Meet the Inner-City Shopper

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Inner-city consumers are as eager to open their wallets and shop as their suburban counterparts, according to a new study by PricewaterhouseCoopers (PwC) and the Initiative for a Competitive Inner City (ICIC). And while inner-city shoppers may not be as wealthy as people in the suburbs, they do have money to spend-and they spend much of it in their neighborhoods.

"The inner city is one of the most underserved retail segments in this country," says Kurt Barnard, president of Barnard's Retail Trend Report, a forecasting firm in Upper Montclair, New Jersey. "The current trend is for people who fled inner cities in years past to return to them. These shoppers don't want to-or are not able to-go to suburban malls to shop. They want to shop at convenient locations in the inner city."

The right neighborhoods Where is the inner city, and who lives there? Indeed, there's a significant difference between "city dweller" and "inner-city dweller." As far as economic status, for example, not all people living in the heart of major metropolitan areas are poor. While the income of city households may skew slightly lower than average, according to the Census Bureau's Current Population Survey, four in ten central-city households have above-average incomes. According to the PwC/ICIC study, inner-city neighborhoods are defined as "economically distressed urban communities where the median household income is no more than 75 percent of the median for the entire city, and where the unemployment rate is at least 30 percent greater and the poverty rate is at least 50 percent greater than the city average."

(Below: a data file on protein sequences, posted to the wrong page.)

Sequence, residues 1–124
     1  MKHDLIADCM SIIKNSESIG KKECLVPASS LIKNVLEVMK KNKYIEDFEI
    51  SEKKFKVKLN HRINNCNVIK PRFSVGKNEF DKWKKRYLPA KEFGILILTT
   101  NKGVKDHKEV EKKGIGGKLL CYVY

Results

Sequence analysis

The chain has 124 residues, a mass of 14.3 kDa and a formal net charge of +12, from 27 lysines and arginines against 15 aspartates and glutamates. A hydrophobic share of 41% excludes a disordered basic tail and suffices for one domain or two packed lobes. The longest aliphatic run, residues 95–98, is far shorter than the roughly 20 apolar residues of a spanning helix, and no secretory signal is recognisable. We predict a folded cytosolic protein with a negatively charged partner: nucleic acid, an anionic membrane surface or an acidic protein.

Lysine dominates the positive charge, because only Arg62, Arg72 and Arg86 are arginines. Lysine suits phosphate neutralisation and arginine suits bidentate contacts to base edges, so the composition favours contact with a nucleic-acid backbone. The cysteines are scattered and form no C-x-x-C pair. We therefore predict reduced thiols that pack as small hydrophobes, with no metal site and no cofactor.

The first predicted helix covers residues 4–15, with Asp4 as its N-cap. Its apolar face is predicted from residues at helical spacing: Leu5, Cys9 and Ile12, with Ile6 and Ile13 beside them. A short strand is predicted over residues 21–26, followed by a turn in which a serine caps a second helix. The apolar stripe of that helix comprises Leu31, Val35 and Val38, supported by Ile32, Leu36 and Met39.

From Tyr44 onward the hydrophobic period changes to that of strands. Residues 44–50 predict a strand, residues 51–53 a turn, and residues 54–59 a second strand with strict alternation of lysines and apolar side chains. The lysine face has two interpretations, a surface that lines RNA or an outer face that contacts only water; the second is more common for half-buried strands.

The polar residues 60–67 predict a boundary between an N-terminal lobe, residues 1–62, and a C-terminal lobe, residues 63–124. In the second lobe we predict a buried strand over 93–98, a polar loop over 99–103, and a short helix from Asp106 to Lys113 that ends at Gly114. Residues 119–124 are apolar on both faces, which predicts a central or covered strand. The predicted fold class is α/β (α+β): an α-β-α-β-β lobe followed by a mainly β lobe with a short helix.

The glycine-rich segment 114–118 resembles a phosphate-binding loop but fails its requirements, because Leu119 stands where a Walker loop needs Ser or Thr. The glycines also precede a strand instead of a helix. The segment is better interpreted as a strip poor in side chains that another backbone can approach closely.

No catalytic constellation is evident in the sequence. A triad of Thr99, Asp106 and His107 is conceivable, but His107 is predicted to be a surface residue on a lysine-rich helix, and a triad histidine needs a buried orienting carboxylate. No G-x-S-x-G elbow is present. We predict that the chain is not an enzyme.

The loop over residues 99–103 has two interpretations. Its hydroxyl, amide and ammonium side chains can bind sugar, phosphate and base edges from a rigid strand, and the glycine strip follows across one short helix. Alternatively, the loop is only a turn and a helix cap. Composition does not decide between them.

Surveys for the study were mailed to a randomly selected sample of consumers in 417 ZIP codes identified as inner-city neighborhoods, in 43 metropolitan areas. Some 1,205 inner-city consumers completed the survey, the results of which were then weighted by the age and income distribution of African American, Hispanic, and white households. Respondents completed the same survey used to build Management Horizons' 1997 Consumer Database so comparisons could be made between inner-city households and U.S. households in general.

While there may be one neat definition for the inner city, the PwC/ ICIC study discovered that there is no one inner-city shopper. Using Census Bureau data, ICIC determined that 42 percent of the inner-city population are African American, while 31 percent are Hispanic and 23 percent are white. Inner-city households are more likely to be single person or single parent with a child or children than two-parent households. They are also more likely to be headed by either younger adults (under 35 years) or seniors (aged 65 or older) than by baby boomers. And women are significantly more likely to run inner-city households than men.

Apparel aware While inner-city shoppers-many of whom live in rental apartments-may not be big business for large appliances or home-remodeling products, they seem to be a prime target for apparel, footwear, and accessories. According to the PwC/ICIC study, African-American inner-city shoppers are 35 percent more likely than the population as a whole to buy women's dress shoes. They're also 54 percent more likely to purchase teen boys' clothing, and 64 percent more likely than average to buy fine jewelry. Other categories in which they are significantly more likely to make purchases: costume jewelry, teen girls' clothing, women's athletic wear, and children's dress or casual shoes.